Using Livemocha Active Spanish in a High School Classroom
Dominique Chargois, Arabia Mountain High School, Lithonia, GA
Arabia Mountain High School in Lithonia, GA is committed to providing its students learning experiences that extend beyond classroom walls. Since opening in 2009, the magnet school has embraced the mission of “engaging students in active learning…while preparing students for involved citizenship in a changing world.” This mission is reflected throughout the school—in students’ sustainability efforts in their LEED certified building, in the science department’s trips to the adjacent nature preserve, and in interactions with native Spanish speakers on Livemocha in Dominique Chargois’s Spanish III classes.
As the 2010 school year kicked off, Chargois asked the vice chair of the PTSA’s Academic and Education Committee (also a parent of one of her students) to contact Livemocha to procure licenses for Active Spanish for each of her 140 students. Since then, Chargois has used Livemocha Active Spanish as a supplemental learning tool in all of her Spanish III sections.
Chargois and the Arabia Mountain High School administration hoped that Livemocha Active Spanish would help students in three ways:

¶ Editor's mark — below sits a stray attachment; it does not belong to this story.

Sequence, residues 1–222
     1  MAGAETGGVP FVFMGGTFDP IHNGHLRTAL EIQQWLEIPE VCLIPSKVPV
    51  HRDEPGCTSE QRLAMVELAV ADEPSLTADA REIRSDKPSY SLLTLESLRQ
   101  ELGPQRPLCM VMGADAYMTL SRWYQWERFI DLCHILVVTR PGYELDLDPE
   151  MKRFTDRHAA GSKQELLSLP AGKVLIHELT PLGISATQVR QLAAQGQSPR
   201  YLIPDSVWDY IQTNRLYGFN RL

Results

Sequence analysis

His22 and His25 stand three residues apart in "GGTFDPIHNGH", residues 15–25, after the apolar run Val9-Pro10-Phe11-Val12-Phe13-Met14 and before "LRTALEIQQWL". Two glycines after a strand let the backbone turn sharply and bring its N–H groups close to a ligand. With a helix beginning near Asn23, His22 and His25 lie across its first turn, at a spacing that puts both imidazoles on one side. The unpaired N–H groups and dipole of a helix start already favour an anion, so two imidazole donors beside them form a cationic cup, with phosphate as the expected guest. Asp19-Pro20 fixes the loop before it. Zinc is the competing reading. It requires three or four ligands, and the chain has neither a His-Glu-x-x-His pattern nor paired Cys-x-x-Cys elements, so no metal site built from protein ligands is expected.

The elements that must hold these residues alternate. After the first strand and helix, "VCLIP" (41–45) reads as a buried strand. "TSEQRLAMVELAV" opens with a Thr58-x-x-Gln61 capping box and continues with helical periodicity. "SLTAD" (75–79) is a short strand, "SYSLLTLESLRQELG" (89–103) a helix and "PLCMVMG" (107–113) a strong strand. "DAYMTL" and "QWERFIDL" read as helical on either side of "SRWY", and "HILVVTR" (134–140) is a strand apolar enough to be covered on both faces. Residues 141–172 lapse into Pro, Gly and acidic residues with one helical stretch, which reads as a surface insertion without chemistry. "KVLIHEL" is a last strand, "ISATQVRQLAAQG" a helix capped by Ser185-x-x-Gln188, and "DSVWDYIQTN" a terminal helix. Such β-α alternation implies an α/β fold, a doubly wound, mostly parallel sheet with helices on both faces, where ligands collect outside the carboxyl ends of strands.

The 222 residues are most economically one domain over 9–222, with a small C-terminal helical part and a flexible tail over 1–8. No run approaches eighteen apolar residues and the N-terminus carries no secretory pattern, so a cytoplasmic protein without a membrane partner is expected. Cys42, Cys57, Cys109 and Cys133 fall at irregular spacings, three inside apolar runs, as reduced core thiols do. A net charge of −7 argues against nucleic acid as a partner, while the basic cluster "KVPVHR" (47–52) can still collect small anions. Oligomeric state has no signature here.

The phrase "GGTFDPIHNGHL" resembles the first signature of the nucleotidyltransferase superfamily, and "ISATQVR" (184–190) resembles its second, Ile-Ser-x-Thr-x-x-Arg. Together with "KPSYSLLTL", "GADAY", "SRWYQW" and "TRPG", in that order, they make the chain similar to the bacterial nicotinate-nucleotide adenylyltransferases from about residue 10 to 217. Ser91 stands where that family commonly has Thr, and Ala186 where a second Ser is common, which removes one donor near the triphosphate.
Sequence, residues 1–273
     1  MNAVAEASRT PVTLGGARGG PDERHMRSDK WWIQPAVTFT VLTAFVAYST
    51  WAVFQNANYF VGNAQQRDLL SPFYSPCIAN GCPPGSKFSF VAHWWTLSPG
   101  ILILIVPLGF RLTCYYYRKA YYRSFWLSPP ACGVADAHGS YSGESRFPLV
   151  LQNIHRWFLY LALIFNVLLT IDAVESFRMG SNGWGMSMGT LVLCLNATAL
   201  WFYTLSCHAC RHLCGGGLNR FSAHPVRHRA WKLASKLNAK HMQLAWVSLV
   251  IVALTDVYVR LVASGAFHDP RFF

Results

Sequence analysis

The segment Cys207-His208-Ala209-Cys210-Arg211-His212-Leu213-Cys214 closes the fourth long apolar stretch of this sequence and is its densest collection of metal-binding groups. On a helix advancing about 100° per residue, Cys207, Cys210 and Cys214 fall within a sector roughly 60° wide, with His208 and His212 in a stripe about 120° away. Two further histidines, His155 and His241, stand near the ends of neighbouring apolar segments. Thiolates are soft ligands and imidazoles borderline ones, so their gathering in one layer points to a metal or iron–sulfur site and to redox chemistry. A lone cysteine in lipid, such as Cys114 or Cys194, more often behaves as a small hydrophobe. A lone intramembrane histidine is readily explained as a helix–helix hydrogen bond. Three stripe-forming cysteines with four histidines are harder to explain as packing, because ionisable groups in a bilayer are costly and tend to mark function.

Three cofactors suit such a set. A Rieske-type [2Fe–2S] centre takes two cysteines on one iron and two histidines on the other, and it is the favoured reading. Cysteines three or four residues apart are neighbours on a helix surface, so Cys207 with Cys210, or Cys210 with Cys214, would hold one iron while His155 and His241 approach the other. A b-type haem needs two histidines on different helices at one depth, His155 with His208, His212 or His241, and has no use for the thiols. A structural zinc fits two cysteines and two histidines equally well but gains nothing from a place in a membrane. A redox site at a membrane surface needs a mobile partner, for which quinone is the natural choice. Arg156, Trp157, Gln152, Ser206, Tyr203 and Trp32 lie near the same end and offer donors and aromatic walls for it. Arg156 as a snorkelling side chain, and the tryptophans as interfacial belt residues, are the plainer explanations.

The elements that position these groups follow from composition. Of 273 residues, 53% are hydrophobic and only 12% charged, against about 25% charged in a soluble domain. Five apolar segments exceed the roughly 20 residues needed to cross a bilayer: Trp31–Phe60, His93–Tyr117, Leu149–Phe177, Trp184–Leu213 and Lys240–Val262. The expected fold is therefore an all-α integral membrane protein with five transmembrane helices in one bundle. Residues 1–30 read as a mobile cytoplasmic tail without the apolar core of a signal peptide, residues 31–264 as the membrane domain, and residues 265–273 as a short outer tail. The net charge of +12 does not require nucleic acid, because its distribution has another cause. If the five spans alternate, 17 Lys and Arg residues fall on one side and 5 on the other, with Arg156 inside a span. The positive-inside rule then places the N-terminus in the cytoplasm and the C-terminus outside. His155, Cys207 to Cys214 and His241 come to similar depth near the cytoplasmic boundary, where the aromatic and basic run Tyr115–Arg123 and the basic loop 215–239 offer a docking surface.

1. Engage students and inspire them to learn
Chargois wanted Active Spanish to be a Spanish language experience that her students would truly enjoy. “I wanted the students to be a lot more involved with what they’re doing as opposed to sitting in the classroom listening to me speak all the time,” she explained.
2. Improve basic Spanish skills by providing opportunities for students to learn at their own pace
Chargois averages over 25 students per class, which makes it hard for her to address the wide range of needs that students of varying skill levels posses. She hoped that Active Spanish would give students the opportunity to work and excel at their own pace—creating an exciting forum for self-paced learning. Since Active Spanish ranges from beginner to intermediate levels, Chargois anticipated that it would help some students improve their basic skills while others pushed their learning into more advanced territory.